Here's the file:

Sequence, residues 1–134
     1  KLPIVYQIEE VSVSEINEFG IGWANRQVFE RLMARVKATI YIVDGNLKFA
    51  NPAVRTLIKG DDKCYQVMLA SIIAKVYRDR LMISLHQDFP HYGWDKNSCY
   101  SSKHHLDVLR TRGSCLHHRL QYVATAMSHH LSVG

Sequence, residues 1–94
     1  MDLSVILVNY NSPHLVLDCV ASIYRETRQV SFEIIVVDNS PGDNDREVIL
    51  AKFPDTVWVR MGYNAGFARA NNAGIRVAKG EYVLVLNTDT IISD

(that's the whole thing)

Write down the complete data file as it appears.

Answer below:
Sequence, residues 1–134
     1  KLPIVYQIEE VSVSEINEFG IGWANRQVFE RLMARVKATI YIVDGNLKFA
    51  NPAVRTLIKG DDKCYQVMLA SIIAKVYRDR LMISLHQDFP HYGWDKNSCY
   101  SSKHHLDVLR TRGSCLHHRL QYVATAMSHH LSVG

Sequence, residues 1–94
     1  MDLSVILVNY NSPHLVLDCV ASIYRETRQV SFEIIVVDNS PGDNDREVIL
    51  AKFPDTVWVR MGYNAGFARA NNAGIRVAKG EYVLVLNTDT IISD